Last I checked, cannabis was not used as a performance enhancing drug.  We all know how it hurts athletic performance in people like Michael Phelps.  You would be amazed at how many very smart people at companies like Microsoft or Google actually use cannabis yet still manage to muddle along and turn their companies into Fortune 500 operations.

Cannabis is a Gateway Drug

Mr. Covarrubias discussed his interviews with college students and how they claimed cannabis was the cause of their woes.  Let’s get this clear.  He wasn’t interviewing them for a term paper, or a newspaper story.  He was ARRESTING them.  They were sitting there, in handcuffs, facing a charge that likely would ruin their lives- impacting their employment, student loans, even military service.  I am sure they told the authority figure with the badge anything he wanted to hear.

The gateway drug for heroin is prescription pain killers- more than 51% started their habit at the doctor’s office.  The vast majority of people get their first exposure to ‘illegal’ drugs with alcohol and underage drinking.

In closing, as a citizen, a voter and a member of the medical community, I wish to personally thank Mr. Covarrubias and his brother law-enforcement officers for the job they do keeping us safe from dangerous drugs.  I just want to very clearly tell him that Marijuana is NOT one of them.  The major adverse side effect of marijuana is exposure to the criminal justice system.

Dr. Robert Townsend is President of Denali Healthcare in Mt. Pleasant, a pain management clinic.  He uses cannabis certifications as a tool to reduce the use of more dangerous narcotic pain medicine.  He is not a card holder and has never personally used marijuana.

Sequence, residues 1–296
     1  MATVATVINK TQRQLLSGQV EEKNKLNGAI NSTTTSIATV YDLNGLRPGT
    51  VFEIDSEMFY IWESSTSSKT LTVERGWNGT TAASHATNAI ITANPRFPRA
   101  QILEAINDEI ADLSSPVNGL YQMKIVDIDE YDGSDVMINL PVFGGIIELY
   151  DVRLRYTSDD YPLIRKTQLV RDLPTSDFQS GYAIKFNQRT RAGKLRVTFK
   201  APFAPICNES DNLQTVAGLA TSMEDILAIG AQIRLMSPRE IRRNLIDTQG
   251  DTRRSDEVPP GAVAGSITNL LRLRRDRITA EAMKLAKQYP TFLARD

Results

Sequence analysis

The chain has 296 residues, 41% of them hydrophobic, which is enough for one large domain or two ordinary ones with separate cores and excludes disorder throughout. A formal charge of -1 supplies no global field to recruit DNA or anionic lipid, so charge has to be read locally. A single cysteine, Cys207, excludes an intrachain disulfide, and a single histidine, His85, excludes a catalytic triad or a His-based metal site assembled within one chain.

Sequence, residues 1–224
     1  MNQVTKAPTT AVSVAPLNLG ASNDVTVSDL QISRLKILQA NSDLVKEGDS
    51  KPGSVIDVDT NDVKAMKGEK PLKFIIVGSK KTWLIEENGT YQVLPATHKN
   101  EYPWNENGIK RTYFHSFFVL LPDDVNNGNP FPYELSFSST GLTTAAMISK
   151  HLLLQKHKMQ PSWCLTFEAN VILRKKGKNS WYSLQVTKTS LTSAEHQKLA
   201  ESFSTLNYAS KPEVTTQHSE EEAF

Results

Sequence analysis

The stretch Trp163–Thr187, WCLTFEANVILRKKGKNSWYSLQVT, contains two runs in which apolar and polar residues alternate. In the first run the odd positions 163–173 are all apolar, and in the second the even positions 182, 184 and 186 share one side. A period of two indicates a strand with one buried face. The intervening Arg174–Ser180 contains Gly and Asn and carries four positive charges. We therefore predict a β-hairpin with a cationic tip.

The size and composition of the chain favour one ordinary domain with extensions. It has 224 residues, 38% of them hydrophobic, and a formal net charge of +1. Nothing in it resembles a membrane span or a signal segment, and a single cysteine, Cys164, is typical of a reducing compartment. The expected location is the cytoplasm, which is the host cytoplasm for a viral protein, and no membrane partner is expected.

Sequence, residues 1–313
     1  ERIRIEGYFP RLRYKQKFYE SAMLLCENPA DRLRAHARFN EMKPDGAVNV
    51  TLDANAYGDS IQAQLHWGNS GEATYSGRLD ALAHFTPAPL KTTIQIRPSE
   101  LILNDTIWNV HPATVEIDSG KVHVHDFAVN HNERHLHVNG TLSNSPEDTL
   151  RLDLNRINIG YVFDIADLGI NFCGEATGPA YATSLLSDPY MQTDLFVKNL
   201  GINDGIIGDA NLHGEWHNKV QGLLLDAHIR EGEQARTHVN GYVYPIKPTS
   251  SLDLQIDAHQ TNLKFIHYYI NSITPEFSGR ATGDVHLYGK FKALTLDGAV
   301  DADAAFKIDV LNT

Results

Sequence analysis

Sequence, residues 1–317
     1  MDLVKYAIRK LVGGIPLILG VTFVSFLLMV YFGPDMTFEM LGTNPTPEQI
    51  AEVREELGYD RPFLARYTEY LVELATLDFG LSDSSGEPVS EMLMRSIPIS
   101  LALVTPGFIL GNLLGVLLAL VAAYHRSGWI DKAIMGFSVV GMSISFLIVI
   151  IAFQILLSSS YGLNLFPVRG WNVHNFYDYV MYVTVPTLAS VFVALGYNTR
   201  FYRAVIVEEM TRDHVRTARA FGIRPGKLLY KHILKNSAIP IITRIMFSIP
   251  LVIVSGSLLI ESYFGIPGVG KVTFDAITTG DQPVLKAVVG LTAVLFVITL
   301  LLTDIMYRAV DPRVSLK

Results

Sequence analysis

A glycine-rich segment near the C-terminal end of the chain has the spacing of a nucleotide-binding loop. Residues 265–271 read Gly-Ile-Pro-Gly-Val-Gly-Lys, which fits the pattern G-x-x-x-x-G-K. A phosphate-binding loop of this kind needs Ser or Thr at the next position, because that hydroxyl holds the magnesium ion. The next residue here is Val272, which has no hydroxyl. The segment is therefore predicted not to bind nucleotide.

Denali to Offer On Line Follow Up

 

Denali Healthcare offers On Line Follow Up

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ade with FLARE

Follow up is essential for a bonafide doctor/patient relationship

At Denali Healthcare we are constantly working to protect patients based on the latest court decisions- Most recently concerning the need for follow up after the certification as a measurement of the bonafide dr/pt relationship. We have always offered free, in person follow up with the doctor.  Now patients can complete the requirement for follow up ON LINE and help us with some research into the demographics of medical marijuana in the process.

Follow up provides us with:

  1. Feedback on the effectiveness of our recommended treatment
  2. Useful demographic data for studies on the use of Medical Marijuana in Michigan
  3. Essential records for you medical chart that will be needed in a Section 8 Defense
  4. Makes sure our records are up to date

If you don’t have time to schedule a formal follow up appointment with us, all you need to do is click this button and we can update your chart…

Submit your follow up to us by clicking this button SUBMIT YOUR UPDATE

Follow Up Couldn’t be Easier!

We are currently working on a study of the demographics of Michigan Medical Marijuana Patients- Recently the state put out some misleading statistics concerning the distribution of conditions, we want to find the true numbers of patients certified for each of the approved conditions.  We believe that the state only counted one condition per patient- a card holder with cancer and nausea would be counted as ‘nausea’, we want to count both and need data to do it.

Based on recent court decisions, we at Denali Healthcare feel there will be a large number of Section 8 cases in the coming year.  Not only will the data we are collecting help patients, but the charted follow ups from the on line forms will be critical in the defenses of individual patients.

After you complete the form, it will be added to your chart.  Thank you for your help!